The Blog Aquatic » Uncategorized http://blog.oceanconservancy.org News, opinions, photos and facts from Ocean Conservancy Thu, 27 Nov 2014 11:00:38 +0000 en-US hourly 1 http://wordpress.org/?v=3.4.2 Tidal Anatomy http://blog.oceanconservancy.org/2014/10/20/tidal-anatomy/ http://blog.oceanconservancy.org/2014/10/20/tidal-anatomy/#comments Mon, 20 Oct 2014 21:11:09 +0000 Guest Blogger http://blog.oceanconservancy.org/?p=9354  

Photo: John Madere

This blog post was written by John Madere, an award winning photographer. 

I’m pleased to announce that the book launch and exhibition of my Tidal Anatomy portrait series opens at Site 109 in Manhattan on October 21. The images are the result of two years of photographing surfers from an unlikely perspective with my camera placed high above the surfer and beach.

The inspiration for this project came to me while walking along the shore in Montauk, New York, on a raw, windy day in the Spring of 2013. An unusually harsh winter had radically altered the beach, leaving behind arresting scenes of strewn rocks, stratified clay, decaying driftwood, driven sand, and man made debris.

Read more at JohnMadere.com.

 

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Breaking: Great News For the Gulf of Mexico http://blog.oceanconservancy.org/2014/09/04/breaking-great-news-for-the-gulf-of-mexico/ http://blog.oceanconservancy.org/2014/09/04/breaking-great-news-for-the-gulf-of-mexico/#comments Thu, 04 Sep 2014 15:59:00 +0000 Ivy Fredrickson http://blog.oceanconservancy.org/?p=9153

Today, a judge found  that the Deepwater Horizon oil spill disaster was the direct result of BP’s “’gross negligence’ and ‘willful misconduct’” under the Clean Water Act. What does this mean for the Gulf? It means more funding available for restoring the Gulf.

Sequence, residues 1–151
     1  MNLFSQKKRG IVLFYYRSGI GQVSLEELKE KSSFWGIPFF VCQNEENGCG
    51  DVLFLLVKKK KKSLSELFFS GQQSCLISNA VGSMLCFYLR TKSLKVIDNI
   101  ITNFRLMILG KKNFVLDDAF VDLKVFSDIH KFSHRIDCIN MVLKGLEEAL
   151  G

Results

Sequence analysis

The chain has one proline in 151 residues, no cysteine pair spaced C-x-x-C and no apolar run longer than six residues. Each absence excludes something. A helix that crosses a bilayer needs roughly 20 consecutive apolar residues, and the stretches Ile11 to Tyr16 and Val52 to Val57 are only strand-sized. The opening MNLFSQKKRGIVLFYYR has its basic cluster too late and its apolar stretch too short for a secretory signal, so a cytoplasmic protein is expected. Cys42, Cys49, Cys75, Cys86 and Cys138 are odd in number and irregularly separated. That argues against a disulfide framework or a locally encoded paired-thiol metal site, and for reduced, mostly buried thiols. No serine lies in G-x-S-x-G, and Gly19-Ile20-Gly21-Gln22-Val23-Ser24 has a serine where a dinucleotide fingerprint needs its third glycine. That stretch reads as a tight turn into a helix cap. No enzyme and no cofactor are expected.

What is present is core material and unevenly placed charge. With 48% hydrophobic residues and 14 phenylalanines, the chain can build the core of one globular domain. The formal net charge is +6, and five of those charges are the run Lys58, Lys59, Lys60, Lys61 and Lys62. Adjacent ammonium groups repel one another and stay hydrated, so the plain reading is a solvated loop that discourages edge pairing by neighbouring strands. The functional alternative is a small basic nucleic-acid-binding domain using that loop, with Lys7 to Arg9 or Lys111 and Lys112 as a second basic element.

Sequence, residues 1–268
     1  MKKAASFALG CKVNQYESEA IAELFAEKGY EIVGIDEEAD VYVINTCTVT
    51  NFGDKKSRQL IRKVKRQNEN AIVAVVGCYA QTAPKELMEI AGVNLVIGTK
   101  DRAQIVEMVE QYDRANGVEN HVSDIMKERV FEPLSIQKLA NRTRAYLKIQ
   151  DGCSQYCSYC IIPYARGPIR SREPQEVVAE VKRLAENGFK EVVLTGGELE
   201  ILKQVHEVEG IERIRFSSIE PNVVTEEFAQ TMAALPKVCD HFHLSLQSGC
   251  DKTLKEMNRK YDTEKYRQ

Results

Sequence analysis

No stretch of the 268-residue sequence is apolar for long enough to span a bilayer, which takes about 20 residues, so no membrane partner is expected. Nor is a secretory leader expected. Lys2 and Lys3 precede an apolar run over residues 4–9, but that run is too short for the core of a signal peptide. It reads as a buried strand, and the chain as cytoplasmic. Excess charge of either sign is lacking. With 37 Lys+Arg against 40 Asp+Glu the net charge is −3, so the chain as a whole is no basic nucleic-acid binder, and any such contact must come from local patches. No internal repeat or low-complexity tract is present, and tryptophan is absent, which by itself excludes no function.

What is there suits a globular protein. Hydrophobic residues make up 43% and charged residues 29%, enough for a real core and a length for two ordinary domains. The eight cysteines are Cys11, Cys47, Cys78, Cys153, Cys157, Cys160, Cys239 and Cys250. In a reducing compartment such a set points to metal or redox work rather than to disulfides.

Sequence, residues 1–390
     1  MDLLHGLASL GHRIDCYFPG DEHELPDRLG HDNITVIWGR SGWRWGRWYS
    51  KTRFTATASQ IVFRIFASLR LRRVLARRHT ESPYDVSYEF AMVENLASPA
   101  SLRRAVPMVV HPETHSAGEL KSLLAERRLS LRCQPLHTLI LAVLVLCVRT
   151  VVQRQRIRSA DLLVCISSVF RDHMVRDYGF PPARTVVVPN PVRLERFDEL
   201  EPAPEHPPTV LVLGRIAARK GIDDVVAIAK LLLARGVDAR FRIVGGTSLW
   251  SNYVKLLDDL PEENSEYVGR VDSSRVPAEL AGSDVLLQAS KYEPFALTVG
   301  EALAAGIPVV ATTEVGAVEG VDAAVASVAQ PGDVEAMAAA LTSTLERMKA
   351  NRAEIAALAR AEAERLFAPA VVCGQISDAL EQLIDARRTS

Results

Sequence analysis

Funding for restoration projects via the RESTORE Act comes from Clean Water Act fines. And a finding of “gross negligence,” rather than ordinary negligence, means that fines can be as high as $4,300 per barrel of oil spilled, instead of $1,100. The result of today’s court decision could mean a fine as high as $17.6 billion, 80% of which will be used to repair and restore the Gulf of Mexico ecosystem and the communities and economies that depend on it.

Over the past four years, BP has spent inordinate amounts of time and money shirking responsibility, pointing fingers at others and downplaying the seriousness of the disaster. Today, the court is holding BP responsible.

The judge still must rule on the amount of oil spilled – a major factor determining the ultimate amount of fines. The third stage of the trial will begin in January 2015.

 

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Watch LIVE: Our Ocean Conference http://blog.oceanconservancy.org/2014/06/16/watch-live-our-ocean-conference/ http://blog.oceanconservancy.org/2014/06/16/watch-live-our-ocean-conference/#comments Mon, 16 Jun 2014 13:52:26 +0000 Michelle Frey http://blog.oceanconservancy.org/?p=8540 Tune in Monday, June 16 and Tuesday, June 17 for the Our Ocean Conference hosted by Secretary of State, John Kerry.

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EPA Helps Address Ocean Acidification http://blog.oceanconservancy.org/2014/06/02/epa-helps-address-ocean-acidification/ http://blog.oceanconservancy.org/2014/06/02/epa-helps-address-ocean-acidification/#comments Tue, 03 Jun 2014 01:04:46 +0000 Ryan Ono http://blog.oceanconservancy.org/?p=8428

Photo: Misti Weathersby

Today, Environmental Protection Agency (EPA) Administrator Gina McCarthy announced that the agency is proposing new rules to dramatically reduce carbon dioxide emissions from existing power plants. The new rules, which the EPA is calling their “Clean Power Plan,” would reduce carbon emission from existing power plants by 30 percent from 2005 levels by 2030, an amount equal to the pollution emitted by more than 150 million cars. But what does all of this mean for the ocean? Many people may not realize it, but by proposing the Clean Power Plan, the United States took a significant step towards addressing ocean acidification. Reducing carbon pollution from power plants means there will be less carbon pollution in the atmosphere. And less carbon pollution in the atmosphere means less carbon pollution that is absorbed by the ocean, turning it more acidic.